Water Slides

Ross Parish has been researching holy wells since the 1980s and has published several books on the subject.  Ross is currently working on a Staffordshire volume and a couple of weeks back, we were delighted to have him at our Lichfield Discovered meeting to share his research with us. Ross took us through the history of holy wells, and some of the customs associated with them, pouring cold water on some of the popular views that have sprung up around them. At the risk of firing up inter-county rivalry, you’ve heard the saying ‘The best bits of Derbyshire are in Staffordshire’?. Well, Staffordshire is also a bit hard done by when it comes to the tradition of well dressing. Google it and you’ll find claims aplenty that it’s ‘unique to Derbyshire’. Try telling the people of Endon and Mayfield that. Interestingly, we also went through a phase of decorating St Chad’s well here in Lichfield for a time, but this tradition seems to have dried up in 2010.

St Chad's Well Lichfield,  only decorated by nature these days.

St Chad’s Well Lichfield, only decorated by nature these days.

With so many fascinating sites to chose from,  we forgave Ross for not including St Chad’s in his top ten list of Staffordshire wells. You can discover the ones that did make it, along with an abundance of other fascinating information, on the slides of the talk that Ross has very kindly shared with us online here.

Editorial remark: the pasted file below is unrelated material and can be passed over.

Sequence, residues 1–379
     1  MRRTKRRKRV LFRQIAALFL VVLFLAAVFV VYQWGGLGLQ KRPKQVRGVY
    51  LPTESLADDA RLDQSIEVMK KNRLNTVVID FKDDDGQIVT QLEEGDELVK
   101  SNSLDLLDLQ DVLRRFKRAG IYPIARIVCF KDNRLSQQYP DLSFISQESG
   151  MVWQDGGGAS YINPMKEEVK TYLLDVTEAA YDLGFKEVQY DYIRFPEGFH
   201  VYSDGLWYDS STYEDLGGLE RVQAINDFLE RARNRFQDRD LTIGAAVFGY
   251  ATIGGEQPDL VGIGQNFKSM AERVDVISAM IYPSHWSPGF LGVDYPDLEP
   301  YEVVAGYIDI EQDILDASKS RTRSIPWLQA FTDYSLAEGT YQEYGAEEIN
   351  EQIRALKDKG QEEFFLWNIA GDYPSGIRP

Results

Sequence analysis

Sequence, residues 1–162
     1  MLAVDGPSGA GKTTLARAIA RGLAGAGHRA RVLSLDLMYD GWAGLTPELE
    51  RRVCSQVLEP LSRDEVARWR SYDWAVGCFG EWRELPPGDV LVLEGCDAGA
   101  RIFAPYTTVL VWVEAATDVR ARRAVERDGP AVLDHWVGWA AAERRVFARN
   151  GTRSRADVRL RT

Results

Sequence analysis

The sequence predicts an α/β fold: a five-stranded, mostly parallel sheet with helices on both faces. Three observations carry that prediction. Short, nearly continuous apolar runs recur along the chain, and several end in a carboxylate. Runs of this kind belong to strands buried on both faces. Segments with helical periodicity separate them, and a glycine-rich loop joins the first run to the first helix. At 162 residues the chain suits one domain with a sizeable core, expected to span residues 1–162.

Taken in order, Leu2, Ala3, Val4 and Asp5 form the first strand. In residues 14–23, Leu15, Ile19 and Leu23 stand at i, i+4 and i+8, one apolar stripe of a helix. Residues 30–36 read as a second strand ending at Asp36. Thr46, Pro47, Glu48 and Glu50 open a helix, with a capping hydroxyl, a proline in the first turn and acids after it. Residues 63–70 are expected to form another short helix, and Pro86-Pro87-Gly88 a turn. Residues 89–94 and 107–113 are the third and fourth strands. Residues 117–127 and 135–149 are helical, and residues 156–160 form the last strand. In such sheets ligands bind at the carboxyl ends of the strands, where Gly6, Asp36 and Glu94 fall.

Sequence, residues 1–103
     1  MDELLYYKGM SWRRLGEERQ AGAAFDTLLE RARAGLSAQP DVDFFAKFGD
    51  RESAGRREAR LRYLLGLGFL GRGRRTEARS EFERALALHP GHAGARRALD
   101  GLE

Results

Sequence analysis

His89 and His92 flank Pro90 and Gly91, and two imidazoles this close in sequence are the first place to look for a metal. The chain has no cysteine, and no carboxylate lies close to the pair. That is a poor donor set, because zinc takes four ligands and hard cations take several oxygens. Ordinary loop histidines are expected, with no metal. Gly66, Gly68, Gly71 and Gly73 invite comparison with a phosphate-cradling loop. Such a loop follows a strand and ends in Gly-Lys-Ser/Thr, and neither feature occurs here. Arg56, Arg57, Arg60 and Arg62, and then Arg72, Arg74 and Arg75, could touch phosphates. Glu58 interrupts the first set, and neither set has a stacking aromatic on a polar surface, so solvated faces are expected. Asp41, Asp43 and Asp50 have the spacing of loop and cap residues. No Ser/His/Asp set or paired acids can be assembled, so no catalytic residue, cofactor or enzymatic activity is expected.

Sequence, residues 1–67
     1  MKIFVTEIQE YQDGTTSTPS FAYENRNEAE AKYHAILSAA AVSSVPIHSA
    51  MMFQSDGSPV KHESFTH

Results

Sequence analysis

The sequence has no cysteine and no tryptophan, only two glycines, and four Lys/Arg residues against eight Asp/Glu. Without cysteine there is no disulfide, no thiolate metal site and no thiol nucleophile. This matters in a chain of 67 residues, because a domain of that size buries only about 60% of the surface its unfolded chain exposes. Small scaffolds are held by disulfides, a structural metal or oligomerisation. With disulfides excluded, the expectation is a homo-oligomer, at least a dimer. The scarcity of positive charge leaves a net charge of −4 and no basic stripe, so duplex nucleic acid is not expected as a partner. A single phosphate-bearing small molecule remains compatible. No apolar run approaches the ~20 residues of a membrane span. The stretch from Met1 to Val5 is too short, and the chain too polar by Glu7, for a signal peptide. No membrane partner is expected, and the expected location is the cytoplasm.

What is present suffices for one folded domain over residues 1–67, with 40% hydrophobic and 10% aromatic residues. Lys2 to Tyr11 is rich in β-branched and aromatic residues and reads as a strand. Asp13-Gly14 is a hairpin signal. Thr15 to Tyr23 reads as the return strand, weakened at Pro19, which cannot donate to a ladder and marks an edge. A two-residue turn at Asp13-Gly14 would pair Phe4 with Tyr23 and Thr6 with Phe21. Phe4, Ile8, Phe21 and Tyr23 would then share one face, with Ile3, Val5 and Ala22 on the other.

If you’ve a thirst to know more about holy wells and sacred springs, here in Staffordshire and further afield, please do check out Ross’ blog here and also take a look at the Facebook group he’s involved in here.

 

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Sites for Sore Eyes

Springs and wells are sources not only of water but also of folklore and legend. There are healing springs and fortune telling wells. Some are associated with saints, others with spirits.

St Chad's in Lichfield. Photo by Lichwheeld

St Chad’s in Lichfield was believed to cure sore eyes (photo by Lichwheeld)

On Monday 9th February, Ross Parish, author of the Holy and Healing Wells blog and a series of books on the subject, will be giving a talk to our Lichfield Discovered group. Ross will be telling us about some of the sites we have here in Staffordshire and some of the traditions and stories associated with them. The talk starts at 7.30pm at St Mary’s in the Market Square (where there was a once a well of the same name at the west end!) and there is no entry charge, although voluntary donations towards the running of St Mary’s are always welcome. After the talk, people are invited to stay behind to discuss the future vision of the county’s archive and heritage service, over a cup of Staffordshire water (plus milk and teabag).

Objects of My Affection Pt 1

Our next Lichfield Discovered meeting is fast approaching (7pm on 10th March at Lichfield Heritage Centre) and this time round we’re having a bit of a show and tell. We’ll be having a go at telling one hundred years of Lichfield History in twelve objects and we want people to get involved by bringing along their Lichfield related objects to show us all.

There are loads of objects that I’d love to be able to bring along with me, but can’t, either because they’re lost, immovable or I’d be arrested. So instead, over the next week or so, I’ll share some of them here instead.

First up, the earthenware jars found in the south wall of Farewell Church during its partial demolition.

Farewell Church